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All opinions are subject to modification and technical correction prior to official publication in the North Carolina Reports and North Carolina Court of Appeals Reports. In the event of discrepancies between the electronic version of an opinion and the print version appearing in the North Carolina Reports and North Carolina Court of Appeals Reports, the latest print version is to be considered authoritative.

STATE OF NORTH CAROLINA v. LATARA CHARLITA PROBY
    

NO. COA04-942

Filed: 1 March 2005


Probation and Parole--probation revocation--knowing and voluntary decision to represent oneself

    The trial court did not err in a revocation of probation and activation of sentences for food stamp fraud, solicitation to obtain property by false pretenses, uttering a forged instrument, and obtaining property by false pretenses case by allowing defendant to represent herself allegedly without asking her if she understood the nature of the charges and the consequences of her decision to proceed without a lawyer, because: (1) the trial court's inquiry informed defendant that if she was found to have violated probation, then she faced the possible consequence of active service of the sentences; (2) the court informed defendant that she had the right to the assistance of an attorney, and defendant indicated that she understood but chose to proceed without an attorney; and (3) the court's inquiry elicited the information necessary under N.C.G.S. § 15A-1242 for it to make a determination that defendant's decision to represent herself was knowing and voluntary.


    Appeal by defendant from judgments entered 6 April 2004 by Judge Benjamin G. Alford in Duplin County Superior Court. Heard in the Court of Appeals 28 February 2005.

    Attorney General Roy Cooper, by Assistant Attorney General Thomas M. Woodward, for the State.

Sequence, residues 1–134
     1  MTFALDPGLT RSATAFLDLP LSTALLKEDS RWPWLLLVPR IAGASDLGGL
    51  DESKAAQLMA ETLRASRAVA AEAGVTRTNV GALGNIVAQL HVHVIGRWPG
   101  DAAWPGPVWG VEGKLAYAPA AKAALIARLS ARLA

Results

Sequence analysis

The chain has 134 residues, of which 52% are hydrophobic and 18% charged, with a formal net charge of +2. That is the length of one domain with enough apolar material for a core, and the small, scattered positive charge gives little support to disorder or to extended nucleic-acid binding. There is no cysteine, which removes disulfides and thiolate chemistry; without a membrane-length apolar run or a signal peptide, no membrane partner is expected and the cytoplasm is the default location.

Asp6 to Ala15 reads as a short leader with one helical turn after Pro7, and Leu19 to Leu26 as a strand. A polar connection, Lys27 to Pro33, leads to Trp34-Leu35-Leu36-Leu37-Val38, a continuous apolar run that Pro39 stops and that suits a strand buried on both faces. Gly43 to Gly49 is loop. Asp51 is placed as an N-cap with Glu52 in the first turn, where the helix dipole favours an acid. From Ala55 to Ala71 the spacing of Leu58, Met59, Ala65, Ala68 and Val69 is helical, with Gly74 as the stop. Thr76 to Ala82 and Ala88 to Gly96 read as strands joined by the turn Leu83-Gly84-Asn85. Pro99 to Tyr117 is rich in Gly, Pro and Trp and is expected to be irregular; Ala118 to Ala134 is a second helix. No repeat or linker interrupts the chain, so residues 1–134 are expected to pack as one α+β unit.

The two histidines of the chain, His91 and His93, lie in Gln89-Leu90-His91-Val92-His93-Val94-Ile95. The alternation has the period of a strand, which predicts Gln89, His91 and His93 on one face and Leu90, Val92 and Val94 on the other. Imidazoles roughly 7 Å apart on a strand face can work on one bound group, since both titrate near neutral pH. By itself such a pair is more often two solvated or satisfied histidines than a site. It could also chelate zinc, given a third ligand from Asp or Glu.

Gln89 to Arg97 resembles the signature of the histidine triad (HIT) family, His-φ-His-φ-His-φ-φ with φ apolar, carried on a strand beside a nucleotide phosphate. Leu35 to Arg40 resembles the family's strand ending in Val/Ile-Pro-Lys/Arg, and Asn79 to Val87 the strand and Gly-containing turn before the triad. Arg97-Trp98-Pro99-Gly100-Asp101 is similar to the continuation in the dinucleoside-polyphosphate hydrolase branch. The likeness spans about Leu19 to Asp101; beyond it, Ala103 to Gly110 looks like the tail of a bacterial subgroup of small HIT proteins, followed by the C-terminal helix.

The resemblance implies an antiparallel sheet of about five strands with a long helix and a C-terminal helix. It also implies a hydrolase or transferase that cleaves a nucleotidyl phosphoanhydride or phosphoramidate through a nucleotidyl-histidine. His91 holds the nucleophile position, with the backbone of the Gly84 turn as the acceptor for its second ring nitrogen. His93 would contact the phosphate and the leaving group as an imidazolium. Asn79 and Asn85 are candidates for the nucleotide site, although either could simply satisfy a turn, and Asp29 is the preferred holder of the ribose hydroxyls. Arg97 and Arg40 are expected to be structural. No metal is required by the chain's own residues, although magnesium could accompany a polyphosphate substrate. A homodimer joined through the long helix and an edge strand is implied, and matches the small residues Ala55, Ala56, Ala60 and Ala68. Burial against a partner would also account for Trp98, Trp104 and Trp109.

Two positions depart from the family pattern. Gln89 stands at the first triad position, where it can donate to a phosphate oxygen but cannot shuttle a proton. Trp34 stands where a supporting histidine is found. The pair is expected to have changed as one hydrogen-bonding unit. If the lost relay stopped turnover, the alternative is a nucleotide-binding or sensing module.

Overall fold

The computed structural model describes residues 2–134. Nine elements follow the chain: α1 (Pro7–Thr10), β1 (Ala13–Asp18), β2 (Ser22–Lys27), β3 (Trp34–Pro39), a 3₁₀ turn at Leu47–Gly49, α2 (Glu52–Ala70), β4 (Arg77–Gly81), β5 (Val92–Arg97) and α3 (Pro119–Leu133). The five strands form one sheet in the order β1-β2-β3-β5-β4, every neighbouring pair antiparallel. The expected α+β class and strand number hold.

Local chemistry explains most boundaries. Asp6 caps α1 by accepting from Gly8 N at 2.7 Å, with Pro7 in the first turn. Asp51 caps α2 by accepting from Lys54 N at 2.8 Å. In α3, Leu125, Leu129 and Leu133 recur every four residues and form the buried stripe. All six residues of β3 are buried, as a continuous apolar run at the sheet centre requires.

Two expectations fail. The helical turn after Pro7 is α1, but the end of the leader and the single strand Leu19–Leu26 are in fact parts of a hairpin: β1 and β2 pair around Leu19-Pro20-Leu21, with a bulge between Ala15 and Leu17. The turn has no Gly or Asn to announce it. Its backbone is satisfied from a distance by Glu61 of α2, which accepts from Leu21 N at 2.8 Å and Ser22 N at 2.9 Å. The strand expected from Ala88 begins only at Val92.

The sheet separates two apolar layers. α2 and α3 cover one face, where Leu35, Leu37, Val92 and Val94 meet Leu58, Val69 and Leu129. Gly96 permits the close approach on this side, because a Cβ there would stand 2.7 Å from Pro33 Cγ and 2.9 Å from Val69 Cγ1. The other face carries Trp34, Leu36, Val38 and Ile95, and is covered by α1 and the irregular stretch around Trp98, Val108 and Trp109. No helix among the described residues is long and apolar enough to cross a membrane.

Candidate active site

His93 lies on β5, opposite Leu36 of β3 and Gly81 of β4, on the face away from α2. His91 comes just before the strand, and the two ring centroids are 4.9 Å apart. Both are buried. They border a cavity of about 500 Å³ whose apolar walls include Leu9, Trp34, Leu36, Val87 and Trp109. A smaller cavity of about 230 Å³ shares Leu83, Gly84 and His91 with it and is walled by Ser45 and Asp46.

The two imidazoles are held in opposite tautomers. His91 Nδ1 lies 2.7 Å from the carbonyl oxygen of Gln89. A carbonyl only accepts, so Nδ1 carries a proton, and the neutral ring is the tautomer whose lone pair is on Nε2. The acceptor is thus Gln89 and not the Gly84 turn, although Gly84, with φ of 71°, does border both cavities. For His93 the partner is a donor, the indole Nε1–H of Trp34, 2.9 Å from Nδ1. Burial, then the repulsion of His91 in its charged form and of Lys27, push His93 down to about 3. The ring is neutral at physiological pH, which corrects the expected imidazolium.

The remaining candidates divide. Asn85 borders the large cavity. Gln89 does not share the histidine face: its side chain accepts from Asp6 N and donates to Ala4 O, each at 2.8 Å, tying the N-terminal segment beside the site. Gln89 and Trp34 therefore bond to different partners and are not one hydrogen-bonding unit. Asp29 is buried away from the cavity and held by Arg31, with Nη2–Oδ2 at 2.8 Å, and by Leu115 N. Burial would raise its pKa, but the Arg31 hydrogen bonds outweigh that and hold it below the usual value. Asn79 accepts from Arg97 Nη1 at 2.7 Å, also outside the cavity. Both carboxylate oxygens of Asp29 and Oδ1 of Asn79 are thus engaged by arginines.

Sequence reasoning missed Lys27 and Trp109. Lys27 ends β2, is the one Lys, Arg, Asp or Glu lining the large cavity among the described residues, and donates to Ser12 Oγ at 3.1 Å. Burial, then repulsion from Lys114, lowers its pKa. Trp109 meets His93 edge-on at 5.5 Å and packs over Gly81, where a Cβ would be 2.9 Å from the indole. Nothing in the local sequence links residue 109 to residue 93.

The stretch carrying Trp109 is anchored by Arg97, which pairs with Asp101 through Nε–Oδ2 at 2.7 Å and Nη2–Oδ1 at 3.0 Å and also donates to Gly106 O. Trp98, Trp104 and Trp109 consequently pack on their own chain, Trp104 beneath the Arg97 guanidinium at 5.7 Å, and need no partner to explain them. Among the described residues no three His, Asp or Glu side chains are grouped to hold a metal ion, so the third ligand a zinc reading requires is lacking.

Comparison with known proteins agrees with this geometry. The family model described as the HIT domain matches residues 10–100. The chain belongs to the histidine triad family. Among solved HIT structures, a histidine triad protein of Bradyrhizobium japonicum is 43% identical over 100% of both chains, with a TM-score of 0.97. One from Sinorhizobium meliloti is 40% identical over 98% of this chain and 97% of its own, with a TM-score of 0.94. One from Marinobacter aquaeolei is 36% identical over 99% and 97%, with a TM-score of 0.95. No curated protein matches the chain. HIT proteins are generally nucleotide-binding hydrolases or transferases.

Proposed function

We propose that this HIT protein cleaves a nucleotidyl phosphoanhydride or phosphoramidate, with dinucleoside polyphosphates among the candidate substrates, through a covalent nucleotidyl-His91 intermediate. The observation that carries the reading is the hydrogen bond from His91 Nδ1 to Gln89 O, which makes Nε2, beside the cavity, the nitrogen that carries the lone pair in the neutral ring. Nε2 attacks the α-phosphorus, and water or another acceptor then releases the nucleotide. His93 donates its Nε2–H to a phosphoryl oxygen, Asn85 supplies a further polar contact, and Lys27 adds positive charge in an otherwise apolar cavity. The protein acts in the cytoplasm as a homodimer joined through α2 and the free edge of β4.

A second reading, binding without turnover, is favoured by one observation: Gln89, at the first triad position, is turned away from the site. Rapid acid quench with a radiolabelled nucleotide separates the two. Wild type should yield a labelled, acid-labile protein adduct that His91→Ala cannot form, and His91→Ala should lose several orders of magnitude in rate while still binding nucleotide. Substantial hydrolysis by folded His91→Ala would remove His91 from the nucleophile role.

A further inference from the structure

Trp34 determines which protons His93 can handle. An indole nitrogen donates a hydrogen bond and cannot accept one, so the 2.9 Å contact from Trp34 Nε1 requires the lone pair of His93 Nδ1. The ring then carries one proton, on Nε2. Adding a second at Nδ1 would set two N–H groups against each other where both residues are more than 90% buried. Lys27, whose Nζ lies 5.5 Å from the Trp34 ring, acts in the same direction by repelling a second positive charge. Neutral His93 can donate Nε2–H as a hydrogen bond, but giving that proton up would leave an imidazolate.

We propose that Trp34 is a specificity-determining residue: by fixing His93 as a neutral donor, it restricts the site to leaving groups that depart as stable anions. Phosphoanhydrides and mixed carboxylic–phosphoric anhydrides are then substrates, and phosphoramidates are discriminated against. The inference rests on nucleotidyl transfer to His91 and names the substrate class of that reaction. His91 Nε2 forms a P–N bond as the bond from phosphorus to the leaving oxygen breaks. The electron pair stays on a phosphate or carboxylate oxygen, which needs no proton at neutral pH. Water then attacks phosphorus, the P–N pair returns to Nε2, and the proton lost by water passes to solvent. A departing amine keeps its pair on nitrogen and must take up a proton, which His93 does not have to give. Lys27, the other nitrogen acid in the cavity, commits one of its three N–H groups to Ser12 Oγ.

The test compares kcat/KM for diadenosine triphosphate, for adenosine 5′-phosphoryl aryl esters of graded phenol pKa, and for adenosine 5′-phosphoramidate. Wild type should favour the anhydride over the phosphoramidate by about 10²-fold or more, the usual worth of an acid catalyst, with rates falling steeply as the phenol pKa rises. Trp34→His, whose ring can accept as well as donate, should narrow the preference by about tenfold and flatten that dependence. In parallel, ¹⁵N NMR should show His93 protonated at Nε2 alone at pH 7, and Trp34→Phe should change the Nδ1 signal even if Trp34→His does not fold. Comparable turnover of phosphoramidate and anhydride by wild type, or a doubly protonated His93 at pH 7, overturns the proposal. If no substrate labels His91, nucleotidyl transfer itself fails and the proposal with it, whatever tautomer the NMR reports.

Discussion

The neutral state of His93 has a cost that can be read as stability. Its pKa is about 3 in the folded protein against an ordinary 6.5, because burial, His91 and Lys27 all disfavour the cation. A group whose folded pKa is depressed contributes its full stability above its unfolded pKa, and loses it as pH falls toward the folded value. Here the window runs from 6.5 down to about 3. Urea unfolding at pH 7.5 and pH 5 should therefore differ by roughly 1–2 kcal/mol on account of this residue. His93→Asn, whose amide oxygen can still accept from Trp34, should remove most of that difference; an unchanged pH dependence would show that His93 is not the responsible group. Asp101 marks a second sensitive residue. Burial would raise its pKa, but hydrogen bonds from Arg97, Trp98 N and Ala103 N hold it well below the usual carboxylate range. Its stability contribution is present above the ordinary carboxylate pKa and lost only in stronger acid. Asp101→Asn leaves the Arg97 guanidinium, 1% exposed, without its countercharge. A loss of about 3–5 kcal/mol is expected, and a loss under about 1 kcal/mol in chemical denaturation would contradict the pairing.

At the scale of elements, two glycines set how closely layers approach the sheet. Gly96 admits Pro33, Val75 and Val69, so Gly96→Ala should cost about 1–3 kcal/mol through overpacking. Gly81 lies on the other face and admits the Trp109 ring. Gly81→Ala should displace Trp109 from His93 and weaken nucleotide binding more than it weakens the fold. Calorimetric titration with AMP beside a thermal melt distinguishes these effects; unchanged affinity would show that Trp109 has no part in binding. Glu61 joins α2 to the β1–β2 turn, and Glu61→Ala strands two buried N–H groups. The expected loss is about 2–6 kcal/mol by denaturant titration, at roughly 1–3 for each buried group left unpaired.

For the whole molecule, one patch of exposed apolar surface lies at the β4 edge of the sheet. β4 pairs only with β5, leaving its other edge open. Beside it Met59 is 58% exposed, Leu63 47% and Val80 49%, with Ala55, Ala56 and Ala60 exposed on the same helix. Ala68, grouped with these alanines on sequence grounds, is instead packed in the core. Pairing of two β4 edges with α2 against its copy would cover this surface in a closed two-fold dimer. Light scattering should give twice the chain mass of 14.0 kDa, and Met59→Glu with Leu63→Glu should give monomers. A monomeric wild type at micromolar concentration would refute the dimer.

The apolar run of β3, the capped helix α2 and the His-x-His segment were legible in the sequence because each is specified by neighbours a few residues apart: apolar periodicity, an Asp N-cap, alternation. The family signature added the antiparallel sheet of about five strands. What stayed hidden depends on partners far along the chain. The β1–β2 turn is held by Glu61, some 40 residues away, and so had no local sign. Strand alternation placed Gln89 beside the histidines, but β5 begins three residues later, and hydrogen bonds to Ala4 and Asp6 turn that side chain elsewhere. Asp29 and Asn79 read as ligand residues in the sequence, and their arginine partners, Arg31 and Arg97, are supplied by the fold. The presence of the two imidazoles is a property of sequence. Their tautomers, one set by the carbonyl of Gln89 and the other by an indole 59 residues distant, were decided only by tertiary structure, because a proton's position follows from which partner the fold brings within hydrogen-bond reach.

Duncan B. McCormick for defendant appellant.

    McCULLOUGH, Judge.

     Defendant appeals from revocation of probation and activation of sentences for food stamp fraud, solicitation to obtain property by false pretenses, uttering a forged instrument (two counts), and obtaining property by false pretenses (two counts).
    Defendant's sole contention is that the court erred by allowing defendant to represent herself without asking her if she understood the nature of the charges and the consequences of her decision to proceed without a lawyer.    At the call of the matter for hearing, the following transpired:
            MS. RHODES [D.A.]: Her attorney situation needs to be addressed as well. May I approach with the file, Your Honor?

            THE COURT: You may.

            Ms. Proby, you do have the right to remain silent; anything you say can be used against you. Do you understand that?

            THE PROBATIONER: Yes, sir.

            THE COURT: If you're found to have willfully violated probation, you could be ordered to serve a sentence of not less than six nor more than eight months, followed by a consecutive sentence of not less than eight nor more than ten months, and another sentence of not less than six nor more than eight that would run at the same time as those other two. Do you understand that?